Austrolebias,

Wilson J. E. M. Costa, 2006, The South American annual killifish genus Austrolebias (Teleostei: Cyprinodontiformes: Rivulidae): phylogenetic relationships, descriptive morphology and taxonomic revision., Zootaxa 1213, pp. 1-162: 139-149

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z01213p001

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scientific name

Austrolebias
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Key to species of the genus Austrolebias  ZBK 

Species assemblages of Austrolebias  ZBK  , as defined above, are in great part diagnosed by osteological features. In order to make possible a quick identification of species, an artificial key based on external morphological characters is provided below. Reference to the distribution maps and color photographs of specimens appearing in figures 7-52 should also be useful in the identification process.

1 a. Scales absent above anal-fin base, at least in females; scales absent from anterior portion of frontal region ................................................................................ 2

1b. Scales always present above anal-fin base and on anterior portion of frontal region ............................................................................................................................ 6

2a. (1a) Body scales overlapping, present in most portion of flanks and opercle; pelvicfin bases medially separated by short interspace, shorter than pelvic-fin base, or united; urogenital papilla cylindrical and narrow in males ................................. 3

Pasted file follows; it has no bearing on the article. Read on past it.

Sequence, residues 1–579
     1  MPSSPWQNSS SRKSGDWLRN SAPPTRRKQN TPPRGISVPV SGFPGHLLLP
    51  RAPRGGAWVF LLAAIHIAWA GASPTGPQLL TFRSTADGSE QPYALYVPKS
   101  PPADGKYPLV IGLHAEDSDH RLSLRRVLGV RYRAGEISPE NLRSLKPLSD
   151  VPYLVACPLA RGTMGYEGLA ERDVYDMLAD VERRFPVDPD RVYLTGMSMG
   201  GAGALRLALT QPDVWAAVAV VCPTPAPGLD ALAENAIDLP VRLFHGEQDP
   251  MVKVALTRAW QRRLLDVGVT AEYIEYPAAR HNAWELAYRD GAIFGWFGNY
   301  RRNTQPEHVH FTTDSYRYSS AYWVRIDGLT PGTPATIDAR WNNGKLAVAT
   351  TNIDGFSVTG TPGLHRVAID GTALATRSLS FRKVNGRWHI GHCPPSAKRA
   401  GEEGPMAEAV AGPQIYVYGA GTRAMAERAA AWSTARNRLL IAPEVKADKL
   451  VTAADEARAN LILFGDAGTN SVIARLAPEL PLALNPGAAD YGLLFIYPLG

2b. Body scales very small, not overlapping and restricted to the median portion of flanks and opercle; pelvic fins medially separated by wide interspace, much wider that pelvic-fin base; urogenital papilla conical and broad in males ............ ..................................................................................... A. cheradophilus  (Fig. 17) (Isolated river basins of southeastern Uruguay) (Fig. 18)

3a. (2a) 50-75 scales in longitudinal series; prominent contact organs on most pectoralfin rays in males .................................................................................................. 4

3b. 31-35 scales in longitudinal series; minute contact organs on uppermost pectoral-fin ray and absent in other rays in males .................. A. wolterstorffi  (Fig. 19) (Laguna dos Patos basin, Brazil and Uruguay) (Fig. 20)

4a. (3a) Minute scales on the pectoral-fin base and most anterior half of caudal fin in older males ........................................................................................................... 5

4b. No scales on pectoral-fin base and caudal-fin squamation restricted to basal portion of fin in both sexes .................................................... A. prognathus  (Fig. 21) (Lagoa Mirim basin, Brazil and Uruguay) (Fig. 18)

5a. (4a) 16-18 dorsal-fin rays in males; gray bars on flank in males ................................. ........................................................................................... A. monstrosus  (Fig. 22) ( Río Paraguay basin, in northern Argentina, Paraguay and Bolivia) (Fig. 18)

5b. 18-20 dorsal-fin rays in males; no bars on flank in males .................................... ..................................................................................... A. elongatus  (Figs. 23-24) ( Río de La Plata basin, northeastern Argentina and Uruguay) (Fig. 18)